Tuesday, March 25, 2014

Thick and thin obligations

Suppose that all fundamental thick moral obligation terms can be put in the logical form: "required by virtue v". Then we have a plausible and neat account of thin obligation in terms of thick obligation:

  1. A is obligatory if and only if there is a virtue v such that A is required by v.

Can we define the thick terms via thin obligation? A promising start is:

  1. A is required by virtue v if and only if facts about v explain why A is obligatory.
But this is only a start, since there are obvious counterexamples. Suppose I promise you to give you ten dollars if courage is a virtue. Then a fact about courage, namely that it is a virtue, explains why it is obligatory for me to give you ten dollars, but I am not required by justice, and not by courage, to give you ten dollars.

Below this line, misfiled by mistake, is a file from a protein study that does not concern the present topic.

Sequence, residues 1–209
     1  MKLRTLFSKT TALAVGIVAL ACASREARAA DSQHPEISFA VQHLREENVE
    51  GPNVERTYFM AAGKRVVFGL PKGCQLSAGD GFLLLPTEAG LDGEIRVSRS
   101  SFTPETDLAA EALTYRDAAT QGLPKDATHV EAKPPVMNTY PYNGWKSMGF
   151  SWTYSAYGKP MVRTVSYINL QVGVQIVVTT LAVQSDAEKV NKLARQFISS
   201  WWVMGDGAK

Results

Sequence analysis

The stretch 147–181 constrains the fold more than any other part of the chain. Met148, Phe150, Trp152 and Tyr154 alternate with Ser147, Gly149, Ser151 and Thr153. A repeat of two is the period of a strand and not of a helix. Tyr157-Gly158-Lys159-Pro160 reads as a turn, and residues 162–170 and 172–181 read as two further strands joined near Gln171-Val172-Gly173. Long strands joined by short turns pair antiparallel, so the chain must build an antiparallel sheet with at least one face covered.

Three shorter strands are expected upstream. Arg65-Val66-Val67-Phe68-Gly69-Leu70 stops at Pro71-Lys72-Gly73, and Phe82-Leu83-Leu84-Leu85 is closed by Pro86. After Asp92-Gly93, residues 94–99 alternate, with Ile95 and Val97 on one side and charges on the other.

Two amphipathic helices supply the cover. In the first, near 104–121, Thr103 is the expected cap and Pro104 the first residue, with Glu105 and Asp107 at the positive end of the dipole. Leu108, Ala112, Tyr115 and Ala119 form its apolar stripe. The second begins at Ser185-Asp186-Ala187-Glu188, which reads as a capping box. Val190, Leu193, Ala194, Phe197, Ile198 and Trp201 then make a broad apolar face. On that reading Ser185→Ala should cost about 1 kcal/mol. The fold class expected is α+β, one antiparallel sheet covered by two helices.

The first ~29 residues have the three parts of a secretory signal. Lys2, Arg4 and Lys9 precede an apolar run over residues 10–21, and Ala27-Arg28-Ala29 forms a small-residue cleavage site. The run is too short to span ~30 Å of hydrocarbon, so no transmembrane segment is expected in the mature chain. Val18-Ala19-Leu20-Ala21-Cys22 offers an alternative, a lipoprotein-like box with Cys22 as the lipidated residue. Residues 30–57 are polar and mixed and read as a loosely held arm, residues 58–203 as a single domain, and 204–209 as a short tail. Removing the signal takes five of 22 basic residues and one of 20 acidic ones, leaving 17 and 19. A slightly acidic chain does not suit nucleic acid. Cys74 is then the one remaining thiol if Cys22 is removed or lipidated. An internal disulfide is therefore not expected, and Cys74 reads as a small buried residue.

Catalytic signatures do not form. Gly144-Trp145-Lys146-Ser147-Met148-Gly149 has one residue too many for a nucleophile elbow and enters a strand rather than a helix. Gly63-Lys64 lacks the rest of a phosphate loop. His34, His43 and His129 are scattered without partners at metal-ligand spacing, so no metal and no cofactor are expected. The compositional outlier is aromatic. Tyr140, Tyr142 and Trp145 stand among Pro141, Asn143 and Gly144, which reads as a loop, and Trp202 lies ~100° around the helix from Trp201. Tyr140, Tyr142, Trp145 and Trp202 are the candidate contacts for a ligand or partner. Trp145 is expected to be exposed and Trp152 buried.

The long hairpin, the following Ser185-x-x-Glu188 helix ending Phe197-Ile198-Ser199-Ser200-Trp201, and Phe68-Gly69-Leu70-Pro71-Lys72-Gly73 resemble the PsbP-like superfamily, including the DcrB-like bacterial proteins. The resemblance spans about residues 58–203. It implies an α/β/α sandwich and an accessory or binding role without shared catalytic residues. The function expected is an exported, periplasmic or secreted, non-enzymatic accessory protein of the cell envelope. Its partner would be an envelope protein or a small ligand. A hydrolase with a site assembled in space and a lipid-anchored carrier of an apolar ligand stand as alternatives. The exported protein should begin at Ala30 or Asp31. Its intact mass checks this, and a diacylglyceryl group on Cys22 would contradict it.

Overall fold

To make something like (2) work, we would need to specify the way in which facts about v explain why A is obligatory. It is implausible to suppose that this can be done without recourse to something circular, like saying that facts about v explain in a requirement-inducing way why A is obligatory.

This suggests that it is easier to account for thin obligation in terms of thick obligation. And this, in turn, suggests that it is better to take as our fundamental concept of obligation not "is obligated to" but "is obligated by ... to".

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